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the computer amassed the information

Pawan Sinha, a cognitive scientist at the Massachusetts Institute of Technology, has devoted years of research to figuring out just what attributes touch off these face-specific pings. Security software that is being developed for identifying potential terrorists or detecting intruders must be able to reliably recognize faces. In teaching the software to do this, Dr. Sinha and his colleagues have arrived at unexpected insights into the question of why we sometimes see a cinnamon bun as a cinnamon bun, and other times as the earthly incarnation of a sainted nun.

A grilled cheese sandwich, top, with an image of what some see as the Virgin Mary sold for $28,000 on eBay. Jesus Christ is seen in an oyster shell, a frying pan and a pirogi.CreditGolden Palace.com; Oyster shell: Denis Balibouse/Reuters

To develop detector software optimized to pick out any human face, even in less-than-ideal surroundings, Dr. Sinha began by putting into his computer hundreds of faces as varied as those in a Benetton advertisement famous for its diversity.

As the computer amassed the information, it was able to discover relationships that were of great significance to almost all faces, but very few nonfaces. “These turn out to be very simple relationships, things like the eyes are always darker than the forehead, and the mouth is darker than the cheeks,” Dr. Sinha said. “If you put together about 12 of these relationships, you get a template that you can use to locate a face.”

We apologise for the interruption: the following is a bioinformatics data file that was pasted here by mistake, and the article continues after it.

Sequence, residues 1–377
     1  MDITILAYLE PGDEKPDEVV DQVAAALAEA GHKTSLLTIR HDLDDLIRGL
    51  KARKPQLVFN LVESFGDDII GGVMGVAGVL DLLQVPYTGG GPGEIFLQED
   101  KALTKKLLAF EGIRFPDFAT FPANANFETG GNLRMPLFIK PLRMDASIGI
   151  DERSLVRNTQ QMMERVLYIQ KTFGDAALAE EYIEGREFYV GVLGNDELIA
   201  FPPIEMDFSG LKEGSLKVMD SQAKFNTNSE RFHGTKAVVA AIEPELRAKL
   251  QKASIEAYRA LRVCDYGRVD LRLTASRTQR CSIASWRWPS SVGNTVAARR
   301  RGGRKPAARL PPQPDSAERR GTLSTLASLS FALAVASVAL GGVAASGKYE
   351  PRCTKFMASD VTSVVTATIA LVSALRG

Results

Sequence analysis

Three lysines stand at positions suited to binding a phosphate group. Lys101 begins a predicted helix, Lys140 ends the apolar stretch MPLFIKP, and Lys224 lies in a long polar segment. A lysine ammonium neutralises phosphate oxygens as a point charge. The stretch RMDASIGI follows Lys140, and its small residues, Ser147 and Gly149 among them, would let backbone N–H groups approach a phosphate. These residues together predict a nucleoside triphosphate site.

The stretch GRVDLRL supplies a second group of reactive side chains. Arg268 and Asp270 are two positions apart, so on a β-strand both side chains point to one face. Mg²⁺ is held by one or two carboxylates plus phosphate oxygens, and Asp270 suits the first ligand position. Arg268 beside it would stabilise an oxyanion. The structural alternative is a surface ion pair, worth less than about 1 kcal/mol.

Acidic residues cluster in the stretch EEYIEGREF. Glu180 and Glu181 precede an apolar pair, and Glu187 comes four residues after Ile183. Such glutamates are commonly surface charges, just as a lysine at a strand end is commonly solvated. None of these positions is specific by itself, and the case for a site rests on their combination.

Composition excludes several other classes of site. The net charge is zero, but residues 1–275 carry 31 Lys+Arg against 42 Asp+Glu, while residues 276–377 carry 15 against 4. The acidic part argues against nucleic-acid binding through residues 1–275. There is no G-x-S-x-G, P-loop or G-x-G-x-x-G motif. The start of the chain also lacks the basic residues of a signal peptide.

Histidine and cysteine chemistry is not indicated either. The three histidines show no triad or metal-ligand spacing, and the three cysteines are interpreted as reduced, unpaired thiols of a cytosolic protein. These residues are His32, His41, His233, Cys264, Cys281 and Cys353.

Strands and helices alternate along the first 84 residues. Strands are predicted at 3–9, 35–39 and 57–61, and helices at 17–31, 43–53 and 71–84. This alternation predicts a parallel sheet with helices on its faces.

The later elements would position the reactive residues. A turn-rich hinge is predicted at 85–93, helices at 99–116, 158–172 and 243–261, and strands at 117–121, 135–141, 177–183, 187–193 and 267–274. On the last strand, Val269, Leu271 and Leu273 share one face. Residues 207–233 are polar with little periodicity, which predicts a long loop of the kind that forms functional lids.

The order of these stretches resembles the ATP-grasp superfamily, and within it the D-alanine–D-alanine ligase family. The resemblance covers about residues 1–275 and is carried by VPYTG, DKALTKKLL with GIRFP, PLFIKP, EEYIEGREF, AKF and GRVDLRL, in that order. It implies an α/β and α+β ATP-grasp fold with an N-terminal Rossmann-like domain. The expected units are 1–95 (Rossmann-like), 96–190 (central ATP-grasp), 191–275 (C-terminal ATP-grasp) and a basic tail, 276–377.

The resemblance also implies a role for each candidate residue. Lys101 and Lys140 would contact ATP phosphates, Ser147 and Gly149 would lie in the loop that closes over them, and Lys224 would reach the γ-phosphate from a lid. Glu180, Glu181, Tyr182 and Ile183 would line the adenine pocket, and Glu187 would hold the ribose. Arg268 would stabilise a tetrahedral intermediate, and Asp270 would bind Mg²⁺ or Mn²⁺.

Most people think of the cartoon smiley face, with its discrete eyes, nose and mouth, as the quintessential face template, but Dr. Sinha’s computer can identify faces even when the pictures are of low resolution.

When he presented human subjects with blurry face images, containing only 12 by 14 pixels’ worth of visual information, they performed similarly well, recognizing 75 percent of the face images accurately. This suggests that like the computer, the human brain processes faces holistically, like coherent landscapes, rather than one feature at a time.

These images are just “ dark blobs on a big blob,” Dr. Sinha said. “So clearly there’s not enough diagnostic information in the individual features. Yet something about the overall organization of the image, the gestalt, is still allowing us to recognize the face.”

Once in a while, the computer emits a false alarm. “This is a good analogy for what the human brain might be doing,” Dr. Sinha said. “Like the computer, it’s trying to determine what the regularities are in all of these faces to create a prototype.